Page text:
FED Could Raise Rates Earlier Than Expected

During the last FED meeting in April, the board resolved to maintain its benchmark interest rate near zero. They dismissed the current inflation, referring to them as temporary economic problems that they expected to ease in the next few months. However, while the passive approach to the interest rates and inflation was backed by most of the FED board members, not everyone is quick to dismiss the risk of an inflation surge.

On Monday, Kansas City Federal Reserve president, Esther George, took issue with the FEDs current stand on interest rates and cautioned against the use of rigid monetary policies. During her speech at the Kansas City Fed agricultural symposium, George argued that while these policies worked in the past, they may not necessarily be most suited for the post-pandemic era.

She mentioned that “The structure of the economy changes over time, and it will be important to adapt to new circumstances rather than adhere to a rigid formulation of policy reactions” and later added that “With a tremendous amount of fiscal stimulus flowing through the economy, the landscape could unfold quite differently than the one that shaped the thinking.”

Her bold pronouncements about changing market dynamics have the backing of the market and economy. In April, for instance, the US consumer price index soared by 4.2% from the 2020 statistics.

Despite the claims cautious message, however, George didn’t explicitly state if she intended to initiate a policy change.

The covid-19 outbreak in Asia and its impact on US interest rates

The increased fiscal spending and rising consumer purchasing power aren’t the only factors acting on inflation in the United States. The untamed spread of Covid-19 in East Asia, the United States’ biggest trading partner, is also expected to have far-reaching impacts on inflation and interest rates in the country.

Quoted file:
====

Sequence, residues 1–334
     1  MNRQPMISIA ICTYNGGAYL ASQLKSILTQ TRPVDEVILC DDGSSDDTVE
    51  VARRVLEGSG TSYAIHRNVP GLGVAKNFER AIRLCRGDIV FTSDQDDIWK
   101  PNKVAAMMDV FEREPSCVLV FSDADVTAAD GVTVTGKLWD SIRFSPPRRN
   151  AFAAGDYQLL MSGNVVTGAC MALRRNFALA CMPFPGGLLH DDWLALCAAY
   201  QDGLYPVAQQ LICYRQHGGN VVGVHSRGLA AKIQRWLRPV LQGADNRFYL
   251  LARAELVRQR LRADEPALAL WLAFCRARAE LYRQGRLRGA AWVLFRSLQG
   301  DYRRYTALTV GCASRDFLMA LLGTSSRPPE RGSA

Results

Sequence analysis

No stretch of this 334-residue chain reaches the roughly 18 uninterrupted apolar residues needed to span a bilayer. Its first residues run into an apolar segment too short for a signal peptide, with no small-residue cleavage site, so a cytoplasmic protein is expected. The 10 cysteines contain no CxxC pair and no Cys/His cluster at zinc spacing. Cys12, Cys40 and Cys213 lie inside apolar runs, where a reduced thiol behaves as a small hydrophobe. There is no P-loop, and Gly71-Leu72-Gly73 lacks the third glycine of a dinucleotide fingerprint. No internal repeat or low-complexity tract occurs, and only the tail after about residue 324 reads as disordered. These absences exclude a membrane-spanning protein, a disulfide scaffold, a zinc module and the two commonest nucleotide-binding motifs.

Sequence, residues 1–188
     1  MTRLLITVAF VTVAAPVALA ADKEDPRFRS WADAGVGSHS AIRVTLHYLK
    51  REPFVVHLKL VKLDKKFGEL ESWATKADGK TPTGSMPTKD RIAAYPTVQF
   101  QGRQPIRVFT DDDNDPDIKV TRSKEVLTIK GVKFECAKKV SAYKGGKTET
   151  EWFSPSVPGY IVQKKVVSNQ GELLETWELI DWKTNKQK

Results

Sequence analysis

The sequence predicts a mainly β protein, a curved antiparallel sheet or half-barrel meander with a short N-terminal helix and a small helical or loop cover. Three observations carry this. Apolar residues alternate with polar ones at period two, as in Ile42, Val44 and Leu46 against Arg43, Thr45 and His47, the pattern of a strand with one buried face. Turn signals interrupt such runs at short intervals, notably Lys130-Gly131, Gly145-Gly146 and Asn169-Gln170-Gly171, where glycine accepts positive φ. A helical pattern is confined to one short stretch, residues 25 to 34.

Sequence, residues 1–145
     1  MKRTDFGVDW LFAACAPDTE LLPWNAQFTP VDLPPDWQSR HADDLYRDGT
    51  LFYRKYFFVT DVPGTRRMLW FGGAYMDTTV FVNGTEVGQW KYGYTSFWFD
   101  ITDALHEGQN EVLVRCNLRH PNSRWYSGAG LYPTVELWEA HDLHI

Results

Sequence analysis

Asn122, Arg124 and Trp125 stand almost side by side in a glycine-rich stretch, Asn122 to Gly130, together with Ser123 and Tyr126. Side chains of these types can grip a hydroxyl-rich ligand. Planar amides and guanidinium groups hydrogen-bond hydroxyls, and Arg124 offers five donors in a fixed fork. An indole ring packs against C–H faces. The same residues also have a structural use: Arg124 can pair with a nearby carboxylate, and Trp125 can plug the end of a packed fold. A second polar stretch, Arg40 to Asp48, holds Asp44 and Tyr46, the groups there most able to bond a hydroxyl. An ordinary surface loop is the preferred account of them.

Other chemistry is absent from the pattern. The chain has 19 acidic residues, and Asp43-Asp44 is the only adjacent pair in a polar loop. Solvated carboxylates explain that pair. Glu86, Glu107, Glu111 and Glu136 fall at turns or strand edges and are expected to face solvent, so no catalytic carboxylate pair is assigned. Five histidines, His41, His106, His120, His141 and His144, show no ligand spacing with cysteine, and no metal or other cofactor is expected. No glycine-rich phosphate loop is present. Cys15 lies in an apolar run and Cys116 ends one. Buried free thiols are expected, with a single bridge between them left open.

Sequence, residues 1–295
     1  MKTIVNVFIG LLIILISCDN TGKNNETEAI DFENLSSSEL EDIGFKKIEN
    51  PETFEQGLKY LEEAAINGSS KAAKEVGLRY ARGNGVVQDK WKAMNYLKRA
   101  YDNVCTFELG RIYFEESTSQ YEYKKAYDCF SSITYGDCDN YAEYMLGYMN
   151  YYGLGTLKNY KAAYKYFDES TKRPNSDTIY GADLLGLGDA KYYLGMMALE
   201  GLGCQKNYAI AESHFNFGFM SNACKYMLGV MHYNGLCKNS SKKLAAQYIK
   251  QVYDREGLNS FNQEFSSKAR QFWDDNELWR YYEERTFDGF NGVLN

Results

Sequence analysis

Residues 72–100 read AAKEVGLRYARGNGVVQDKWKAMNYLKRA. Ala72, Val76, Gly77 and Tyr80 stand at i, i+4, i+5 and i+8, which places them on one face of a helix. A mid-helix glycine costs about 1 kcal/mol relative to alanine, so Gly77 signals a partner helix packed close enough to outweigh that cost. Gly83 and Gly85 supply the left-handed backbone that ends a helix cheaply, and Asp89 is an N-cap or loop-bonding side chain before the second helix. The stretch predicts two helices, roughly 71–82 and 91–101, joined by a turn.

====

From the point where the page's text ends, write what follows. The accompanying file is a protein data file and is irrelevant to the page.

Richard Martin, the managing Director for IMA Asia, recently stated that rising Covid-19 cases in Asia will have the net effect of hastening inflation rates across the United States. Such a wave of infections would effectively hamper production for most of the Asian manufacturing economies that ship to the United States.

The shrinking supply against increasing demand for goods in the United States would then force a hard rise in the factory-gate rates in these Asian countries. A move that would see the consumer prices in the United States.

Martin adds that confronted with the rising consumer prices and burgeoning fiscal expenditure from the Biden Administration, it is inevitable that the fed may raise interest rates sooner than expected. Previously, Fed had hinted on the possibility of rising these interest rates a year or two down the road. He is especially convinced that if President Joe Biden’s infrastructure spending proposal passes through congress it will spur manufacturing and force prices up “very, very quickly.” The only logical response to this would then involve raising rates before the end of the year.

Even as the inflation debate rages on, the markets went on unabated with the Dow Jones Industrial Average gaining 0.54% on Monday. The tech-centered Nasdaq 100 and the S&P 500 also posted impressive performances, gaining 1.72% and 0.99% respectively. The US Dollar was, however, not as lucky as it lost 0.3% in the past week against its peers on the dollar index.

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